The Takahe is a flightless bird indigenous to New Zealand. It was thought to be
extinct after the last four known specimens were taken in 1898. However, on the
20th of November, 1948, after a carefully planned search effort the bird was
rediscovered by Geoffrey Orbell.
The New Zealand Department of Conservation
started an intense management program with the intention of increasing the size
and range of the Takahe population. An important feature of this involved
habitat restoration. The red deer was an introduced species that proved
destructive in the area where the Takahe naturally survived. The red deer were
culled to increase the Takahe's chances of survival.
Captive rearing of wildlife species for release back into the wild is
considered a useful management tool for endangered species. It potentially
increases the rate of survival of the young by bypassing the dangers faced in
the crucial years into adulthood. To assess the success rate of the program, it
becomes necessary to monitor the survival rate of the released animals. This
helps to assess the survival skills of captive reared animals. The survival rate
of wild Takahe over the first year after being born was already known to be
poor. The captive-reared specimens overcame this mortality rate because of
captivity. In the wild, the survival rate was 30 - 40%, whereas in captivity it
Radio telemetry is the use of radio waves for transmitting information from a
distant instrument to a device that records the measurements. Radio transmitters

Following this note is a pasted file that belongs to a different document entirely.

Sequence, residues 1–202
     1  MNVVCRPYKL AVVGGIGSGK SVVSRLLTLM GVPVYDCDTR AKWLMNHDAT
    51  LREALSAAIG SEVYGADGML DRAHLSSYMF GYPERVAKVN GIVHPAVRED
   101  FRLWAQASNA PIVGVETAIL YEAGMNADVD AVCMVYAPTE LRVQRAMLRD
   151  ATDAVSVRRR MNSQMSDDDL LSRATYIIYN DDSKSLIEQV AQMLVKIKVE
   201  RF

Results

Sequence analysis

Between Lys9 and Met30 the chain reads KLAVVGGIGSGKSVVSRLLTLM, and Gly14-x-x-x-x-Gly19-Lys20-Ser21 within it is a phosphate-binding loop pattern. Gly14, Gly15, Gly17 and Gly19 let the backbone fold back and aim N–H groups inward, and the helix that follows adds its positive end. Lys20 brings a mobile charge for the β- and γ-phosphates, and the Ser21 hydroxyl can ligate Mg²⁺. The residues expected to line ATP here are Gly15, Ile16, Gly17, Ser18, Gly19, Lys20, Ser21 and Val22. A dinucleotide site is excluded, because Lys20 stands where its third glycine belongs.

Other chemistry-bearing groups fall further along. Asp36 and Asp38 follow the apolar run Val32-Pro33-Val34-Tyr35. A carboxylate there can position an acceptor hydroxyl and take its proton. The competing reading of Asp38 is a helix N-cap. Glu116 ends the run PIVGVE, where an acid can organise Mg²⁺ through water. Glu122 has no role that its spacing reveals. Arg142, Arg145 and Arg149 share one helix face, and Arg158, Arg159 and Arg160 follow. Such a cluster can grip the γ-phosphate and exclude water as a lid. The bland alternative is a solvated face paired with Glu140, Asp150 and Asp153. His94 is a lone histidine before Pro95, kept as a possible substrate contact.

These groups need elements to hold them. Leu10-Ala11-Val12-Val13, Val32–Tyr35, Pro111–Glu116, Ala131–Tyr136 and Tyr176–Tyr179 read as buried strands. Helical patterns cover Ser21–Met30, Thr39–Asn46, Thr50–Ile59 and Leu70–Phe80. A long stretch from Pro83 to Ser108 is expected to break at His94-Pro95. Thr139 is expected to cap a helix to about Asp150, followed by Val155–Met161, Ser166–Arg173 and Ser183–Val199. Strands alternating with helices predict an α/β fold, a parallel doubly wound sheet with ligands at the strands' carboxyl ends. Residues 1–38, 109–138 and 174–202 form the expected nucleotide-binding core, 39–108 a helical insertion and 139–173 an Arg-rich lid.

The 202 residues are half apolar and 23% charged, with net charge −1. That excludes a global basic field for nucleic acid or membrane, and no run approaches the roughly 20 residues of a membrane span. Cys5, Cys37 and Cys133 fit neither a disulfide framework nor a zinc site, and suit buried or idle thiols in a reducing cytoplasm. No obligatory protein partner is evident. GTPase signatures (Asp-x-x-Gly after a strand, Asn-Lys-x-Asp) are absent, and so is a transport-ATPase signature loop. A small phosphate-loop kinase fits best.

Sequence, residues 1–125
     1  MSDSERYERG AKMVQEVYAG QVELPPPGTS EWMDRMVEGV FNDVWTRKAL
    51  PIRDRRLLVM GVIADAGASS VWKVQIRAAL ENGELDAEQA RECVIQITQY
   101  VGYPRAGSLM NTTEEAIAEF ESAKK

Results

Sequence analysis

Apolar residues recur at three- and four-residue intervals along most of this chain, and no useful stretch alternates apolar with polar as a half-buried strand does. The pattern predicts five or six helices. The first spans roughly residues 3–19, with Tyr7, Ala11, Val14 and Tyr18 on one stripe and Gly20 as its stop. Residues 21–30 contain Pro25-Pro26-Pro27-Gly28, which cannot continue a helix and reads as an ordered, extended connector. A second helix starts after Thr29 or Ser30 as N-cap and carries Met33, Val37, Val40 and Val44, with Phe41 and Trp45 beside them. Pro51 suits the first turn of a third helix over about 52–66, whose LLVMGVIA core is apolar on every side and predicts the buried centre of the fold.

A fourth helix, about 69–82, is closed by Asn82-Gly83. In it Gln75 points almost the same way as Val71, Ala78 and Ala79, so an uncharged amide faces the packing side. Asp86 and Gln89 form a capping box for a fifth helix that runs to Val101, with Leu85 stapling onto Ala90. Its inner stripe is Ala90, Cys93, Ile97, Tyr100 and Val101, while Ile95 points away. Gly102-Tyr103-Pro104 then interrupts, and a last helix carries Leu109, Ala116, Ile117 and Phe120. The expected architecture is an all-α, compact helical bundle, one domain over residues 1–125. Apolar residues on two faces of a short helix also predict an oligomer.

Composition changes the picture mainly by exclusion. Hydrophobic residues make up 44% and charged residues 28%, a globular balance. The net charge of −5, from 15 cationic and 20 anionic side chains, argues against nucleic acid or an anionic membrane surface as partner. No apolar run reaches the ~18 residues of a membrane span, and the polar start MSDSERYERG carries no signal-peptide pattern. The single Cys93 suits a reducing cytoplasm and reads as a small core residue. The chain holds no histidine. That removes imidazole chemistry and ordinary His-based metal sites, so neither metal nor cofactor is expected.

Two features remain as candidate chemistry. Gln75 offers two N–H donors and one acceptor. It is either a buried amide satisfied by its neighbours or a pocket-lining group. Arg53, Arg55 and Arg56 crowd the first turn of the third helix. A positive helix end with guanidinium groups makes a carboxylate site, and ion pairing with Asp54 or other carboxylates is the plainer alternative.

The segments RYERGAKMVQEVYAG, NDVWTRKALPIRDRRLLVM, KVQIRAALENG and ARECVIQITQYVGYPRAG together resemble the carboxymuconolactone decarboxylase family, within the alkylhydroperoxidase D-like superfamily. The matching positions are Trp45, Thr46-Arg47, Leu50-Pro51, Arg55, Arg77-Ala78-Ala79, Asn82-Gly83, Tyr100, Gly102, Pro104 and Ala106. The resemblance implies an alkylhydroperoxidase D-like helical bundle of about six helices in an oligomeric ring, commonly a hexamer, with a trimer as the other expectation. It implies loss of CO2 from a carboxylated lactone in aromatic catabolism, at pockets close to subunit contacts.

attached to the birds had batteries that lasted three years. It was used to
track the movement and survival of the captive-reared Takahe that had been
The Takahe normally breed in pairs and both parents care for the eggs and
chicks. Clutches normally consist of two eggs, but parents rarely raise two
chicks. The Takahe management program involved the fostering of single eggs to
the pair of parents. The second egg was systematically collected for artificial
incubation and rearing.
When the eggs hatched, the chicks were placed under a suspended model of an
adult Takahe complete with a heated pad and hygienic cloth nest material. This
was to simulate brooding by a real parent. A small speaker concealed in the nest
played quiet calls recorded from brooding parents in the wild. Up to 5 chicks
were thus reared with each model parent.
An important measure of the captive-rearing program was that chicks were
unable to see their human keepers. The chicks were fed from a dish of food by a
glove puppet simulating the head and neck of an adult Takahe. After about six
weeks, the chicks are able to feed themselves from dishes. At that time, puppet
feeding was discontinued.
One of the original long-term goals of the Takahe program was to establish a
self-sustaining wild population of at least 500 Takahe. At the last count in
2013, the wild population of Takahe stood at 263.